TAB Ad Rating: 6.5/10


Posted in TABviews

Brief Q&A on The African Cristal Awards with Taiwo of 7even Interactive

It’s officially awards season, and we caught up with Taiwo briefly on the past African Cristal awards that took place in Marrakech a few weeks ago. Enjoy below:


What does the African Cristal awards mean to you in your own words?

The African Cristal is an avenue to showcase creative work, talent and also measure our creative output with our counterparts from other parts of Africa.

It is an event designed to promote creativity and innovation in the media and advertising industry in Africa.

When did the actual event occur?

It held between 10th -12th May 2017, in Marrakech, Morocco.

Did your agency win anything?

No, we didn’t win anything this time around.

How many countries are involved in this competition?

Entries were received Pan Africa, and even on a regional basis.

Any high or low moments of your trip?

High moment:- Seeing Nigerian Agencies mount the podium to receive awards. Thing of joy to see some of our local works get rewarded.

Low moment:- The wait time at the airport.

How does one get ready for the next awards season?

Keep pushing the creative frontiers by developing innovative and cutting edge creative materials.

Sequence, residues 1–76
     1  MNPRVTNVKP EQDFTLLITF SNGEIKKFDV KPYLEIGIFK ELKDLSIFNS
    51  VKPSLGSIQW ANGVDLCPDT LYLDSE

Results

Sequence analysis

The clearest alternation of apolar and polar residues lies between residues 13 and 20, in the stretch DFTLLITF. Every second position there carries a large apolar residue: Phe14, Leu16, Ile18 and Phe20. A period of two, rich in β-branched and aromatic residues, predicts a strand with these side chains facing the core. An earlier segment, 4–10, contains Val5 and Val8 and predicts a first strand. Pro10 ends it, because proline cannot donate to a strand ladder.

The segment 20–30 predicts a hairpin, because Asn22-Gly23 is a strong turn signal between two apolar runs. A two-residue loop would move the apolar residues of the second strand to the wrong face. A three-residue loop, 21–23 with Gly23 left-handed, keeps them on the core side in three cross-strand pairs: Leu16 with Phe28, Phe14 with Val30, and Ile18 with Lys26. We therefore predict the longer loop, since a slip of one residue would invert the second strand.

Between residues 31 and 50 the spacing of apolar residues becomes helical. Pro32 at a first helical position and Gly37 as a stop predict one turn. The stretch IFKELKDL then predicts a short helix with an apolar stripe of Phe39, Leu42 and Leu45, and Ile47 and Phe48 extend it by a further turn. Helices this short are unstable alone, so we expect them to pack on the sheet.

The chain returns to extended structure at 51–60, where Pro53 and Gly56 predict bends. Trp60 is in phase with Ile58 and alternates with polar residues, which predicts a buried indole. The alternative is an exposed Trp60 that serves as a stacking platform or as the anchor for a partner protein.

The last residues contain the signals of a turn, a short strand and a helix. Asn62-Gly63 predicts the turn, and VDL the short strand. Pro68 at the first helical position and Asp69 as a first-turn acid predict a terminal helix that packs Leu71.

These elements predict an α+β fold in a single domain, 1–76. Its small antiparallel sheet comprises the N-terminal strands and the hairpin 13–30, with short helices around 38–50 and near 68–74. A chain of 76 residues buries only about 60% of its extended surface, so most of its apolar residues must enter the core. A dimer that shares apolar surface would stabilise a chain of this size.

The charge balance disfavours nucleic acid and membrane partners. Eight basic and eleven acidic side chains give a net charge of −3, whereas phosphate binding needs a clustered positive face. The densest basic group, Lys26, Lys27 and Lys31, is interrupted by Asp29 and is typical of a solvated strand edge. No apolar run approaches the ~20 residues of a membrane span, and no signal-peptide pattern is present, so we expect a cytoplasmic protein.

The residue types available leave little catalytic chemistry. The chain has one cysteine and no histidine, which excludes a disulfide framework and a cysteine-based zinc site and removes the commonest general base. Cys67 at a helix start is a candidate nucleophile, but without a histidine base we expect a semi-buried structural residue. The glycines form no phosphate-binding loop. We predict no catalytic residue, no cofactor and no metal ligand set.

Posted in TABviews

Blind Faith ft Cobhams

The first time I watched this ad, I said to myself that obviously there had to be a tie-in with using Cobhams and titling the commercial- ‘Blind faith’, so I watched in anticipation until I saw the tie-in. Not bad, at all! Infact, I smiled. Well done to the creative team behind this entire ad. Apart from the ‘techy’ stuff and graphics, which in my opinion we haven’t really mastered a 100%, I would rate it a high 8/10. It passed the message across, the main character’s voice was clear and succint, and it lowkey taught us that to be great(from wherever you are) all you need is an IDEA, PATIENCE, PERSISTENCE and good internet access. Does this mean it doesn’t have to be MTN internet access? Lol, I kid I kid.

Well done people!


TAB Rating- 8/10

Source: YouTube

Posted in A TAB Original

Let’s Explore Product Placements Some More, Shall We?- PT 1

Product Placement is the purposeful incorporation of a brand into an entertainment vehicle” (Russell & Belch, 2005: 74).  Product placement strategies  are divided into three categories: (1) Visual only: showing products, brands, or logos in the background of television programs or movies but not verbally referencing product messages or including relevant audio  (2) Audio only:  in which characters verbally reference brand names or describe relevant brand information  (3) Combined AudioVisual:which verbally references brand names or product information while brand images appear onscreen.

Further, the impact that a product placement can have to the audience is according to  the appearance of the placement and it can be divided into four different types of appearance: classic placement, corporate placement, evocative placement and stealth placement.